Crying Clamshells

Paper directions for this pattern are available here: (I will work on getting them into one document)
Crying Clamshell Page 1
Crying Clamshell Page 2
Crying Clamshell Page 3

I will post video of this design as soon as I get a chance!

I am so excited to get going on this quilt!  I promise to bring some videos in soon.  It's a learning curve for me.

I've named this pattern Crying Clamshells because it consists of a tear drop surrounded by a clamshell.  If you've seen it elsewhere let me know as I'm happy to give others credit.  I came up with this pattern during my son's violin lesson.  You should see his assignment notebook.  It's full of doodle ideas!  His teacher wonders about me sometimes and I do miss a few notes sometimes.  But such is life.

Let's get started.  The first thing I did was put on my walking foot and sew around the perimeter of the square.  I like to do this because it allows me to bounce off the edges or travel along them without a problem.  It also helps stabilize the quilt.  I chose to use a pink polyester thread (Glide by Fil-Tec, 40 weight poly) simply because it was already in my machine.  I wanted to use a contrasting color so you could see the stitching.

I start with a few tiny locking stitches and then switched to a 2.0 stitch length.

To start the Crying Clamshells I made a teardrop in the corner and then a clamshell around it.  After reading through the post, before stitching on your machine, try drawing this design on paper.  It really helps to get the feel of the pattern and how to move around the quilt.

I then traveled along the stitching lines to make a second clamshell.

Then a third clamshell.  I start each clamshell at a point that's already been created in the design.  If you look at the picture below, I would start the next clamshell by coming forward with my needle and starting in the corner in the middle of the picture.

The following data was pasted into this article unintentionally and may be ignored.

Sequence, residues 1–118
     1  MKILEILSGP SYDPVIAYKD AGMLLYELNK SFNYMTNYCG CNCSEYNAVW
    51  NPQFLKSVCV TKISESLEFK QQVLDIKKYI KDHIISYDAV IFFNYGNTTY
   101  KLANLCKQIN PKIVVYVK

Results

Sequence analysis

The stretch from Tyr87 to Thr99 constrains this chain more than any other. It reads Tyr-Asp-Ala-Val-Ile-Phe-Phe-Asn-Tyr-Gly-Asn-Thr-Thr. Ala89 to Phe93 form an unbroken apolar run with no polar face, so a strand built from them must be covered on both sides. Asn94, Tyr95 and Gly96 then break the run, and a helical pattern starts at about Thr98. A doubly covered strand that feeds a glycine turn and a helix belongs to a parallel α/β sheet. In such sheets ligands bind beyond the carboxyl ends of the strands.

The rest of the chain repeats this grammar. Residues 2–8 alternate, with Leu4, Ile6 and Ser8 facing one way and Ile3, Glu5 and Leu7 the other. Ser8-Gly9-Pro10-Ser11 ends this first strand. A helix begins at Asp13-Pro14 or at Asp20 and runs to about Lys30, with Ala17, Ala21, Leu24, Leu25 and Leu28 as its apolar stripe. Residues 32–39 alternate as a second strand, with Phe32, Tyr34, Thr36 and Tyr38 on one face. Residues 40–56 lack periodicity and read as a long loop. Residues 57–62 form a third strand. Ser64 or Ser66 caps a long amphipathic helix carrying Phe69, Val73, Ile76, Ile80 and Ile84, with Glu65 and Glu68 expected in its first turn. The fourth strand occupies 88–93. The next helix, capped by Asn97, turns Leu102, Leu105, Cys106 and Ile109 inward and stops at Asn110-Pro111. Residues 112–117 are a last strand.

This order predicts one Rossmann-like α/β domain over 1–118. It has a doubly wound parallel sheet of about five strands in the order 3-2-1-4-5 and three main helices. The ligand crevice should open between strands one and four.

Sometimes I also have the problem of what do I do when I hit an edge?  Here I made a half a clamshell.  That's what I do when I hit an edge.  I do the pattern a normal size and only quilt what I have space for.  I find it looks more natural that way.

Here is more progress as I work my way around.  I try to fill in areas by moving around rather than in rows or columns. 

And I got a knot on the back.  It happens to everyone!

Look carefully at the picture below.  See the space to the left of the needle?  How am I going to fill that area when it's got two corners?

I chose to fill the space as follows so it looks like part of the shell is simply underneath.  That happens sometimes as I'm working.  No one will ever notice unless they are staring at the quilt.

Here I am stitching a simple teardrop to finish the pattern near the edge.  If you look to the right of the needle you can see another partly finished clamshell.

Such a yummy texture and a gorgeous Island Batik.  Can you see the triangular shape in the picture below?  It's in the middle towards the left.  This happens sometimes when I don't get my path just right.  Does it matter?  Nope.  It still looks good.  I didn't even notice it until I was trying to figure out why I took this picture!

Here you can see that I'm going toward the corner, but I've left an area to fill in.  I decided to come back and fill it in right away.

The area just to the right of my needle is very thin.  Perhaps 1/4 of an inch.  Oops.  I should've tried not to do this.  Did I want to rip it?  No.  So I simply made a really narrow clamshell.  It works.  If you look at the bottom picture can you even tell where all these "oops" moments are?  No.  I'm happy with the results.  However, as I stated before, I highly recommend drawing the design out on paper before quilting it.  It helps to learn the flow of the design.

Here's a picture of my final square!  I chose the upper right square to complete, but you can put this design in any brick you desire. 

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